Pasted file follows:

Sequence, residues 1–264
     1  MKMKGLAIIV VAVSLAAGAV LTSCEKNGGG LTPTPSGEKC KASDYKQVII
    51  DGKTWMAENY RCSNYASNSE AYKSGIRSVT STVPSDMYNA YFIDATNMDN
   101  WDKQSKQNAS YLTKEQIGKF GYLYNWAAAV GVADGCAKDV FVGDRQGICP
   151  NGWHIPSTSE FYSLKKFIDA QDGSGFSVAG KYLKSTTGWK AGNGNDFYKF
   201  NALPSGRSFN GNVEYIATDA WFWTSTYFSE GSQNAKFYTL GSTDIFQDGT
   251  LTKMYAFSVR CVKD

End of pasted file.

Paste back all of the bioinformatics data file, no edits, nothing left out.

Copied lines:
Sequence, residues 1–264
     1  MKMKGLAIIV VAVSLAAGAV LTSCEKNGGG LTPTPSGEKC KASDYKQVII
    51  DGKTWMAENY RCSNYASNSE AYKSGIRSVT STVPSDMYNA YFIDATNMDN
   101  WDKQSKQNAS YLTKEQIGKF GYLYNWAAAV GVADGCAKDV FVGDRQGICP
   151  NGWHIPSTSE FYSLKKFIDA QDGSGFSVAG KYLKSTTGWK AGNGNDFYKF
   201  NALPSGRSFN GNVEYIATDA WFWTSTYFSE GSQNAKFYTL GSTDIFQDGT
   251  LTKMYAFSVR CVKD